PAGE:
Dr Elaine Webster, leader of the Centre for the Study of Human Rights Law at the University of Strathclyde, has published a study which explores whether talking about ‘dignity’ shapes perceptions of international human rights law, and helps to build a positive human rights culture.
The study asked civil society stakeholders in Scotland about what dignity means to them, and whether talking about dignity could promote the relevance of international human rights law for their work and for the wider culture of human rights.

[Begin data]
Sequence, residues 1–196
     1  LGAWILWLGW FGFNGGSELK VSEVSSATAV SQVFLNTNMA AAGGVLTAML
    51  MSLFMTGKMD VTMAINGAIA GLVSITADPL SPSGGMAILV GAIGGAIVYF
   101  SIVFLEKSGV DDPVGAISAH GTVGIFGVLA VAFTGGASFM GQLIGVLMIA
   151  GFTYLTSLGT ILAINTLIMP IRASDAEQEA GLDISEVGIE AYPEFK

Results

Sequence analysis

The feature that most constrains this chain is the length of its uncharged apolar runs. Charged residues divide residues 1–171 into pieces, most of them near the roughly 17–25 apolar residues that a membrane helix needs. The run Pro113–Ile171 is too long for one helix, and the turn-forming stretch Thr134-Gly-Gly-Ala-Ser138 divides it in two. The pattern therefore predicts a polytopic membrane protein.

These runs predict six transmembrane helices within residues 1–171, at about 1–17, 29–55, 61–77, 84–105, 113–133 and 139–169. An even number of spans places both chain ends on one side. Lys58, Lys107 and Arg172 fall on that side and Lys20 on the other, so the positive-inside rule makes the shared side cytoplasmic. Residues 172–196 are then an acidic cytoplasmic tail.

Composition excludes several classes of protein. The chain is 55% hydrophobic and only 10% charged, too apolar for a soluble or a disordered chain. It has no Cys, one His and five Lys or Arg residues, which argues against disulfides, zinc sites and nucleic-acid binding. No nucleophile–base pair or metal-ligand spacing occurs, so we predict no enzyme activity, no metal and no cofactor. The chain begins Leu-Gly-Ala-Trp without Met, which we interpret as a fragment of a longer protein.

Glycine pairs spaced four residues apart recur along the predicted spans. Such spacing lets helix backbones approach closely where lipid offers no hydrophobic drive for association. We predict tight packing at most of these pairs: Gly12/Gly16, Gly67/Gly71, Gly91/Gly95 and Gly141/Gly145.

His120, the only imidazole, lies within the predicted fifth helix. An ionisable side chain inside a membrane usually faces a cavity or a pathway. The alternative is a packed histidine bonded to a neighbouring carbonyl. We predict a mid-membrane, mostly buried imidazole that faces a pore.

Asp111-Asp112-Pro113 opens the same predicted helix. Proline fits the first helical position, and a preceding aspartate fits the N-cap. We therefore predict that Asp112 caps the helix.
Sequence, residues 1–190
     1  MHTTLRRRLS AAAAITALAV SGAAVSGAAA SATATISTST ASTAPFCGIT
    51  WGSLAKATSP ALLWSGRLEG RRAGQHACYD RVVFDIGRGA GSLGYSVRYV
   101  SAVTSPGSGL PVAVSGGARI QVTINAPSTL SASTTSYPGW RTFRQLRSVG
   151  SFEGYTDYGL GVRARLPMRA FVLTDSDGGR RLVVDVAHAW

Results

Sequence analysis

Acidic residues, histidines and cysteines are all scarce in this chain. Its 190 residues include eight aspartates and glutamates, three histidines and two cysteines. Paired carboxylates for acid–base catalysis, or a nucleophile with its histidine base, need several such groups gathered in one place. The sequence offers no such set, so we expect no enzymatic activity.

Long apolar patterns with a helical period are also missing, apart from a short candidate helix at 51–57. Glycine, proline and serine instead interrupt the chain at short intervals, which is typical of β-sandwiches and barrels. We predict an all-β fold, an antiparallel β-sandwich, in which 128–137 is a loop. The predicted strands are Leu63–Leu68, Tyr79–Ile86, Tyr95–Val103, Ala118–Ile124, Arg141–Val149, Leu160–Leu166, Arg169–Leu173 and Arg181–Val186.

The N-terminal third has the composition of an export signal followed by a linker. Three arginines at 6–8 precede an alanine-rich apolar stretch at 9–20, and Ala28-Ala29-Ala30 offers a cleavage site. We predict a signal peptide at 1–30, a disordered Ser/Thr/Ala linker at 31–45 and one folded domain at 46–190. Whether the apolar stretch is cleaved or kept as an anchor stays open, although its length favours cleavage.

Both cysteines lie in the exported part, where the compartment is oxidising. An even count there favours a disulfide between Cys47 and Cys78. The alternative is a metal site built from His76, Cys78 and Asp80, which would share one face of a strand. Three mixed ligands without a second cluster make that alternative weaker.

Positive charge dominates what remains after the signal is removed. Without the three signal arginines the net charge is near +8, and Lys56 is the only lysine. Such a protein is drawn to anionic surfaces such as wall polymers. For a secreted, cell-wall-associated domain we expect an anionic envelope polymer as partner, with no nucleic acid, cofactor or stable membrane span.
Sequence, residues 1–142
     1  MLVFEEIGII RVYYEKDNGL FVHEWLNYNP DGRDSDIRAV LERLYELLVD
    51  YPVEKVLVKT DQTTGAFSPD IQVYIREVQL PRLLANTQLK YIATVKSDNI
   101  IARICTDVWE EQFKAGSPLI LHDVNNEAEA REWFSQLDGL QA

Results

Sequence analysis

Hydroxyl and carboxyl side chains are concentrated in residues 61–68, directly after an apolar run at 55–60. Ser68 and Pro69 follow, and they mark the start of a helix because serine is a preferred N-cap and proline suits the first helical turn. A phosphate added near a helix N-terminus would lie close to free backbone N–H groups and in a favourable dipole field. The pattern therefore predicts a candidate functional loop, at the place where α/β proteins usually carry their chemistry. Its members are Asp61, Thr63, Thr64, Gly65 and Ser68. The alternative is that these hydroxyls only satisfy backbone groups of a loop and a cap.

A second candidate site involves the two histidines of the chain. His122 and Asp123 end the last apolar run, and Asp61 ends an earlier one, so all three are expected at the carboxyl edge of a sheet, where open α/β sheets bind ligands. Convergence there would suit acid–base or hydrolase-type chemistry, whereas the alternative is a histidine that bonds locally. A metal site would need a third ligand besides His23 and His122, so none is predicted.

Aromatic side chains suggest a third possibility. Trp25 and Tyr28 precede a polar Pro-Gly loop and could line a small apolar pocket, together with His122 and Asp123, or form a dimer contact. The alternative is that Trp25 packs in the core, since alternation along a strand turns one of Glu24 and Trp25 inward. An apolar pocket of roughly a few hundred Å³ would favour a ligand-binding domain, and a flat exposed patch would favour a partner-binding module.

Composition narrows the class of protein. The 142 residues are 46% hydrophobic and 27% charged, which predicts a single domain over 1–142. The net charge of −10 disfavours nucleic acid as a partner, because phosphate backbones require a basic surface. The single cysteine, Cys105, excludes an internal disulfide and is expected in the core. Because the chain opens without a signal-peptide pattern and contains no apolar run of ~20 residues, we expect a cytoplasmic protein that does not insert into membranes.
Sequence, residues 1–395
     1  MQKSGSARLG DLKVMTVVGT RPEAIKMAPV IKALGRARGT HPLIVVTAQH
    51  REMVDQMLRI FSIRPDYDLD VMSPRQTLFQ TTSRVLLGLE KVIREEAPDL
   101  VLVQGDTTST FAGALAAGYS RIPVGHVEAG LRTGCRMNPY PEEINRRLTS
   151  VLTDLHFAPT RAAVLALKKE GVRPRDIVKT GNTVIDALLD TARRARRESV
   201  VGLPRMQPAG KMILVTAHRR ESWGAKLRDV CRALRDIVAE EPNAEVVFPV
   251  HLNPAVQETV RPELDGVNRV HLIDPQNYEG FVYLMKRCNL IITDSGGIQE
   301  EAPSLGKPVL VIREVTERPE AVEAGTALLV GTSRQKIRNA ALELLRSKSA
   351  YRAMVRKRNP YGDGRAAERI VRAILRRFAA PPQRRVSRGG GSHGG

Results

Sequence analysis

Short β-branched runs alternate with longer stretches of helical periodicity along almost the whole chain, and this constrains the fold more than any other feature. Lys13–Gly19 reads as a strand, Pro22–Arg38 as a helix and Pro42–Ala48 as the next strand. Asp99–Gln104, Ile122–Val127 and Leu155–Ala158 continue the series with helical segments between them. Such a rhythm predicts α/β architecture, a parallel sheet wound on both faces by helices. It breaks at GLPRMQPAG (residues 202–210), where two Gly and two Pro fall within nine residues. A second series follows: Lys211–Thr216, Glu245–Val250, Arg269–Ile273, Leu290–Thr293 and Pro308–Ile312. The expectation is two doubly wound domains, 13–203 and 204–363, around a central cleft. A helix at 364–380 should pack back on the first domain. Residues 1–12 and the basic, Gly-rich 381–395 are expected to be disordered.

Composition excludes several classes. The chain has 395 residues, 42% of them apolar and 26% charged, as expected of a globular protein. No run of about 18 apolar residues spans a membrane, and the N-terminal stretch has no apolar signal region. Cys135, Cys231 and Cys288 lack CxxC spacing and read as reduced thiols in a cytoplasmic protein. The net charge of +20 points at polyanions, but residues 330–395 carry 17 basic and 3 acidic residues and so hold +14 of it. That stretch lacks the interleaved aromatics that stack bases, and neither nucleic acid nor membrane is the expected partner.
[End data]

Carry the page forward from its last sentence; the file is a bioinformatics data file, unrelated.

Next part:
Dr Webster found that talking about dignity can have different impacts on different audiences, but that across all these audiences, the concept of ‘dignity’ was helpful in explaining concepts in human rights law. International human rights law is often seen as inaccessible to people outside the legal profession, but the concept of dignity can be understood and appreciated by everyone. Dignity language can be used in education to build wider knowledge of human rights, and in holding duty-bearers accountable to the standard of treating rights-holders with dignity.
As Scotland moves towards the incorporation of international human rights law into our domestic law, civil society organisations will play a significant role in helping duty-bearers and rights-holders to understand these changes, and build a human rights culture. Talking about dignity as an underpinning value of the law can be a gateway to that understanding.